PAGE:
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The Trouble with Twilight

Theology professor Beth Felker Jones suggests Christians should look for hidden messages in the vampire buzz.

The main characters in Stephenie Meyer's Twilight saga practice sexual abstinence, but Wheaton College theology professor Beth Felker Jones doesn't think Christians should celebrate the books as a model for chaste romance just yet. At first glance, it seems like there's a lot to like about the romance between Bella, an average teenage girl, and Edward, a 108-year-old vampire with a Victorian sense of morality—he insists that Bella marry him before consummating the relationship. Felker Jones wrote the book Touched by a Vampire: Discovering the Hidden Messages in the Twilight Saga (Multnomah, 2009) to examine the themes of sexuality, gender, salvation, and eternal life wrapped up in the love story of Bella and Edward. She spoke with Christianity Today about the appeal of the books, their approach to sexuality and Mormon theology, and why they should concern Christians. Note: Some spoilers ahead.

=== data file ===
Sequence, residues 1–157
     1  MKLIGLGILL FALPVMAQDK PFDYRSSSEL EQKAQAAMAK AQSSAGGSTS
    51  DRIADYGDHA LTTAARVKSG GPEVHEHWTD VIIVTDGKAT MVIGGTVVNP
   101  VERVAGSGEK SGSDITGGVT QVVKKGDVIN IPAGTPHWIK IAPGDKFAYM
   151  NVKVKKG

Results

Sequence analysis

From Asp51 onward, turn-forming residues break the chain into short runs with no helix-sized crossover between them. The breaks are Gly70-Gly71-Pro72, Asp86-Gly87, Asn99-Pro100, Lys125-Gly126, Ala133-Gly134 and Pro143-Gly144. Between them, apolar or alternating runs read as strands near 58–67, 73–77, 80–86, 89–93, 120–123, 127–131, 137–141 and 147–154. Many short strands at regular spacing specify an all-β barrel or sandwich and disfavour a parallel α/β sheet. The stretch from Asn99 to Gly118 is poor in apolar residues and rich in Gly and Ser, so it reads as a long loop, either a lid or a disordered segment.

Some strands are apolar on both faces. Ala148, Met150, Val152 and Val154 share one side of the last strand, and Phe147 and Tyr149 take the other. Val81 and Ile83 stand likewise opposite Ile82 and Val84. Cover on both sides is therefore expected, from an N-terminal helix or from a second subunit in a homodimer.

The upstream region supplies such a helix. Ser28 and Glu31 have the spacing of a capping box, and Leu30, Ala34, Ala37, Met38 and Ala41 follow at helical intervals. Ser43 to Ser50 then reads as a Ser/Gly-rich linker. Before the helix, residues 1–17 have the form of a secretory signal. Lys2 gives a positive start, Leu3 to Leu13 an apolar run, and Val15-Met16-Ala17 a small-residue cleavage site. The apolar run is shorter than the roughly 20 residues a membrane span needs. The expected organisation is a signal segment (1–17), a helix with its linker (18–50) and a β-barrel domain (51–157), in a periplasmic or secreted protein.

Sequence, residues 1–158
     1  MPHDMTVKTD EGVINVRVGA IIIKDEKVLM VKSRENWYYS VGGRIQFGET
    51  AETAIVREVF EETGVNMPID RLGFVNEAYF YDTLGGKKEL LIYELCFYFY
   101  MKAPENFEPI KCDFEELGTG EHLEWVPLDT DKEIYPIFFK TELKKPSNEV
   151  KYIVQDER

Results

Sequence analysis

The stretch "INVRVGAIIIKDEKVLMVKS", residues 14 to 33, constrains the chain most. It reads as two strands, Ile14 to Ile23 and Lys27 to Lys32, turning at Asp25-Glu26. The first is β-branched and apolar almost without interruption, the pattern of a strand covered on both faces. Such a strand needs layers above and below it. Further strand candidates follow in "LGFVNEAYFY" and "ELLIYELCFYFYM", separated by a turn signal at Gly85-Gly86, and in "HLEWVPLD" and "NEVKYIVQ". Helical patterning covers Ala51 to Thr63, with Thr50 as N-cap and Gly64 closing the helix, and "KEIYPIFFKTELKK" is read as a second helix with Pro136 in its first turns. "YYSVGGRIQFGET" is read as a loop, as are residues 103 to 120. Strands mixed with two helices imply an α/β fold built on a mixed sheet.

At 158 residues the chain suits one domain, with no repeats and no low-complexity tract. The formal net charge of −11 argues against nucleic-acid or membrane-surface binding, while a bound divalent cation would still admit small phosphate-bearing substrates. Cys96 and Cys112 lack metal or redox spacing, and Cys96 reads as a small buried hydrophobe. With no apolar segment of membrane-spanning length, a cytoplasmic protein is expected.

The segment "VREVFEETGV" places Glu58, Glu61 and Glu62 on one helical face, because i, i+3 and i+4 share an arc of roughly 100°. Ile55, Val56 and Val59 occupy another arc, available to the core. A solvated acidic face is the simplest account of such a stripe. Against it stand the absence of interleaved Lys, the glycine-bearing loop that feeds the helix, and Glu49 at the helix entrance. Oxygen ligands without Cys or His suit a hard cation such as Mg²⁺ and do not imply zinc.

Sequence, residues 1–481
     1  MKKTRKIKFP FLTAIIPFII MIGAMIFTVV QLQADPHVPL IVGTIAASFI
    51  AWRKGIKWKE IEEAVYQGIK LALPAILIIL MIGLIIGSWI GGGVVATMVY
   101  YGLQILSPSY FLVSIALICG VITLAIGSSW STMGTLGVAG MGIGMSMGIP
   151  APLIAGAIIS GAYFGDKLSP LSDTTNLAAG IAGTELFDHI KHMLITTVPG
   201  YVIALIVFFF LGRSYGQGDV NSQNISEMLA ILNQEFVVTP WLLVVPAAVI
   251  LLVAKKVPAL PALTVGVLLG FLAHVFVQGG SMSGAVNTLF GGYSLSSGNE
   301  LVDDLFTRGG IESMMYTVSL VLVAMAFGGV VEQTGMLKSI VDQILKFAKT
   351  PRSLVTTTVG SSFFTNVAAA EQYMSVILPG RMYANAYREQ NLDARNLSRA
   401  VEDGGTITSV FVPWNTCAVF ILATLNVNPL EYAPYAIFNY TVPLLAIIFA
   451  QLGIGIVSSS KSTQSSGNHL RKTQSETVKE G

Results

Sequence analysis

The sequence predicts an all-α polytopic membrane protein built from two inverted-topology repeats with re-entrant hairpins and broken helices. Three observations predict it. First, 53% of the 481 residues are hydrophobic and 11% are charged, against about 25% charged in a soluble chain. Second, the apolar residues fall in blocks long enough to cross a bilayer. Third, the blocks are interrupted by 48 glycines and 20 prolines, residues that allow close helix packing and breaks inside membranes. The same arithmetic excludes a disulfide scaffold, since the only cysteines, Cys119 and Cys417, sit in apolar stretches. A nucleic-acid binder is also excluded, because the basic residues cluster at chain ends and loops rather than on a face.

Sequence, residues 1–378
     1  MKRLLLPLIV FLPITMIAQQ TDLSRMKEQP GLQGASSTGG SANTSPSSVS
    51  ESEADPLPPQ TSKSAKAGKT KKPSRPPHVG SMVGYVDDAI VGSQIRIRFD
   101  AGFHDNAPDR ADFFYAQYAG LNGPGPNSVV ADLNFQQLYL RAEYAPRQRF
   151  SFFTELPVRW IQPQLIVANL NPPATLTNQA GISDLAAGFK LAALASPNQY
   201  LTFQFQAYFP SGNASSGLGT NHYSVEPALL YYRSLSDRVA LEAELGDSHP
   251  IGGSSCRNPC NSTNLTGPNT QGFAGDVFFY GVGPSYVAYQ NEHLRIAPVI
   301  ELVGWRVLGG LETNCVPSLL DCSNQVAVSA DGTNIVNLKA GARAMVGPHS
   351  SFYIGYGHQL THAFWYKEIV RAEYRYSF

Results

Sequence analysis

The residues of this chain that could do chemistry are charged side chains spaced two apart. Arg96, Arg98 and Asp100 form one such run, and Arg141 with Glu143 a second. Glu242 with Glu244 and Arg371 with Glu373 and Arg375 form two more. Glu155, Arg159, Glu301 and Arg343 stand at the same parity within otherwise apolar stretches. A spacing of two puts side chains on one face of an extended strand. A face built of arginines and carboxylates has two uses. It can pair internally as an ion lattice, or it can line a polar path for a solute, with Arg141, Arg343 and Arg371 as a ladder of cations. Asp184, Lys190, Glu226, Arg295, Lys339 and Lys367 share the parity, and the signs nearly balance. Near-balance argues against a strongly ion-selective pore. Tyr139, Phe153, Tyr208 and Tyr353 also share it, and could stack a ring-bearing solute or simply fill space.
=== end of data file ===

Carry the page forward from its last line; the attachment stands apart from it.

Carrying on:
There seems to be a level of obsession with the Twilight books and movies. What makes them so appealing to so many readers?

The series has to do with things most people care about: the meaning of life, love, romance. We're looking for something to make life meaningful and exciting and interesting and worthwhile.

Was there anything of spiritual merit that surprised you in the books?

What's most interesting and, arguably, most worrisome about the books is that they're full of spiritual themes. The Twilight universe is a moral universe. The love story may be what captures readers, but the stories are also powerful because they deal with what it means to be good and to try to overcome evil. They also deal with the longing human beings have to be transformed, to be set free from our limits and weaknesses. All of this could open up quite ...

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